MOORE — The physical building is in pieces, but Sharese Tate, who owns Trenz Salon, is keeping her fellow stylists close.
On May 20, a tornado leveled the shopping center where Trenz Salon had been for a decade. One stylist survived by hunkering down in the building with a client and her client's husband. They lost the building and nearly all the supplies and tools within.
Tate and more than most of the stylists have relocated to a temporary shop in an education room at Armstrong McCall, a professional beauty supply store on NW 12. With help, they were able to convert the room into a salon in about a month, for “a whole lot less” than the cost of finishing out a new salon.
“I've lost some of the hair dressers. It's going to be hard for them to move clients several times,” Tate said. “That's been really hard, to lose some of them, too.”
In addition to the professional challenges, Tate has faced obstacles in her personal life. In April, her son died. Weeks later, her husband lost his job. Then, the tornado destroyed the salon. About a month ago, her father died.
“We just feel like we're in a bad dream this year,” Tate said. But with her faith in God, support from her husband and strong bonds with the “girls” at work, she's rebuilding the business.
If the shopping center at SW 149 and S Western is rebuilt, Tate wants to move Trenz back. Darenda McCarty, who owns the strip center, said she's still waiting on her insurance company to approve the claim. It was a total loss.
Candace Hintz, who rode out the storm in a back room of the salon, wants to return, too.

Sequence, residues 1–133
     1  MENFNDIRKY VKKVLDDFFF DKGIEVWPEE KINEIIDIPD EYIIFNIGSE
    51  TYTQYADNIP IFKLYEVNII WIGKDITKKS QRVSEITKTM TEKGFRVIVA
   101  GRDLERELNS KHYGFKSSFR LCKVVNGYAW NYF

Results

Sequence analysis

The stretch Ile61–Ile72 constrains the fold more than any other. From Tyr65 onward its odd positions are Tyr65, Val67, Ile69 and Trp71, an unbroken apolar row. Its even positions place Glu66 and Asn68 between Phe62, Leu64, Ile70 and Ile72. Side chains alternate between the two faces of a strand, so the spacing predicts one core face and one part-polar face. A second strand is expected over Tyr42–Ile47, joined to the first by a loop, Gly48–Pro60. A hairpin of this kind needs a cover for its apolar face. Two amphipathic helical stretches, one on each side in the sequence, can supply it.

“We have an awesome shop. We all get along. We're like a family,” she said.
The salon was closed the day of the tornado — a Monday — but Hintz was meeting a client there anyway. When she finished the woman's hair, she thought the storm was too close for them to leave, so they took cover together.
As the building shook, it sounded like someone was vacuuming coins, Hintz said. After the twister passed, she was trapped in the rubble but managed to pull herself out, then help her client out.
Hintz remembers the horses, lifted from the Orr Family Farm's stables a block away and dropped on the shopping center. She lost her shoes and needed help walking to the car.
She was treated for leg and foot injuries, including a torn ACL and torn meniscus. The next morning, she sent her husband to search for her appointment book, which was buried in debris where the salon once stood (he found it).
Hintz couldn't stand well but went back to work four days later, using a chair. She had surgery, and now feels 100 percent better.
“I can't believe I even survived,” she said. “I never dreamed I would survive a tornado in that building.”